I remember, as a child, looking forward to my birthday. I’d imagine the day—the cake, presents, anticipation of connecting with my friends. Fast forward many years, and it’s AfroTech time. And like that kid of many years ago, I’m excited in anticipation.
AfroTech World—which describes itself as “the definitive conference that brings leaders in technology and business together to exchange ideas and build a strong Black tech community”—is one of the largest multicultural tech gatherings in the United States, attracting worldwide attendees.
This year, AfroTech World takes place on November 9-14, 2020. Like so many conferences in 2020, it has been held in person previously, but this year’s version will be fully virtual.
Before I dive into the specifics of New Relic’s participation at this year’s AfroTech, I need to share that I’ve never personally attended an AfroTech event. So I interviewed Spencer Taylor, a software engineer on the New Relic Logs team, about his previous experience attending AfroTech, which helped fuel my excitement.
In Spencer’s own words: “As I walked into the conference room, I was blown away by all the people who looked like me. It was a sense of coming home. I could talk about things like how I had a problem with my frontend development, with people who looked like me!”
Spencer also shared with me that New Relic had a large recruiting presence at AfroTech World 2019 and participated in community give-back activities, including sponsorship of a Hack the Hood event held at our San Francisco office before the start of the 2019 conference.
Showing up in 2020
Let’s have a look at how New Relic is showing up for AfroTech in 2020. I’ll touch on New Relic’s objectives for engagement at AfroTech, and then go into what we’re doing to achieve those goals.
Inclusion for Black Relics
I’m proud to work at a company that cares and recognizes the importance of ensuring that Black and POC Relics feel valued. At New Relic, all Black Relics who are interested in attending AfroTech can take time away from work to attend. In my past work experiences, it has been tough to ask for time away to attend an event or conference that had a diversity or inclusion theme, even if the conference had relevant sessions that could help me be more effective in my job. For Black Relics, the value of attending a conference like AfroTech can take many forms—from Spencer’s experience discussing frontend development issues with Black engineers at other companies to my own opportunities to share my experience as a Partner Marketing leader and to learn from others in my field.
We are committed to attracting and recruiting Black employees. We’re showing up at AfroTech intending to recruit the best talent and have successfully hired employees through our engagement at AfroTech in the past. Jemiah Sius, a Developer Advocate on the New Relic One team, shared an experience with me: “After attending New Relic's dinner at AfroTech 2018, I left feeling that the company saw me. Not because of the recruiters or Relics saying amazing things about their company culture. But, I spent most of the night speaking to an engineer who seemed passionate about his job, showed general interest in my work, and the conversation was authentic. A few months later, as luck would have it, I saw a position that aligns with my work and decided to apply. During the interview process, I was greeted with the same feeling of being seen by engineers who were passionate about their work and cared about my work and goals. Now, as a Relic, I know I am seen, my contributions are valued, and I enjoy working with outstanding engineers passionately working to create more perfect software.”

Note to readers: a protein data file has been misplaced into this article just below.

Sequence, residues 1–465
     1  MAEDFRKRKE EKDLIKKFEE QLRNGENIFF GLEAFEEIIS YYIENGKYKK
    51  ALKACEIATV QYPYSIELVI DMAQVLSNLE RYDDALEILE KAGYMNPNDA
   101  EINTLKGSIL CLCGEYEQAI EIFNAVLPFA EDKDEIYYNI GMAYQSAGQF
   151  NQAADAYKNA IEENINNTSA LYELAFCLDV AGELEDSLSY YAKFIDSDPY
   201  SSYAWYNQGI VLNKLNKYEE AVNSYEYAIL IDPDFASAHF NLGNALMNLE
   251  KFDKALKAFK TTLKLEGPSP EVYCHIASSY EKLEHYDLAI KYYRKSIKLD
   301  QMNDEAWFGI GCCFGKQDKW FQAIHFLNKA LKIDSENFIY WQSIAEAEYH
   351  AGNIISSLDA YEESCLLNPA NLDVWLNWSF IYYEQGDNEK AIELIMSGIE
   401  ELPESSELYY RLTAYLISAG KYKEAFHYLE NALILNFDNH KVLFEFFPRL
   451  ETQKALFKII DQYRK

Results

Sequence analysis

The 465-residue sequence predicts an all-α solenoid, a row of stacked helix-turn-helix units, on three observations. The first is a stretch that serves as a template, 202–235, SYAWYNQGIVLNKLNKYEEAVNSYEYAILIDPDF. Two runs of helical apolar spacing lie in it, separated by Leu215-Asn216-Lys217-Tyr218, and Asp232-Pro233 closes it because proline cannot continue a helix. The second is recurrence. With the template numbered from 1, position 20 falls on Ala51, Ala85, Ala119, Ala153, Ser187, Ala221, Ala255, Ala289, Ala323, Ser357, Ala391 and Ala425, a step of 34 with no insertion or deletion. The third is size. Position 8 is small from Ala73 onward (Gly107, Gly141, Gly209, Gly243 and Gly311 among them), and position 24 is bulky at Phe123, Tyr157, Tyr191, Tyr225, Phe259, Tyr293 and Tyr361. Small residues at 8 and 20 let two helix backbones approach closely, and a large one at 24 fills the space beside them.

Ahead of AfroTech’s virtual conference, we have been leveraging opportunities afforded by AfroTech to showcase Black talent at New Relic, including our very own Jemiah. In August, Jemiah led a New Relic-sponsored panel, “Data & Engineering: From Startup to a Modern DevOps Organization,” sharing what he’s learned in applying DevOps throughout his career.
During this year’s AfroTech, we will have a virtual booth highlighting our Black Relics and showcasing our successes at New Relic, through videos and one-on-one engagements with those who visit.
I’m excited about our participation in AfroTech. During these trying times and as a Black professional, I can sincerely say that I feel lucky and privileged to be a Relic.
If you’re attending AfroTech World, join us at our virtual booth, we’d love to have a conversation with you. If you haven’t registered yet, consider doing so. We’d love to meet you.
The views expressed on this blog are those of the author and do not necessarily reflect the views of New Relic. Any solutions offered by the author are environment-specific and not part of the commercial solutions or support offered by New Relic. Please join us exclusively at the Explorers Hub (discuss.newrelic.com) for questions and support related to this blog post. This blog may contain links to content on third-party sites. By providing such links, New Relic does not adopt, guarantee, approve or endorse the information, views or products available on such sites.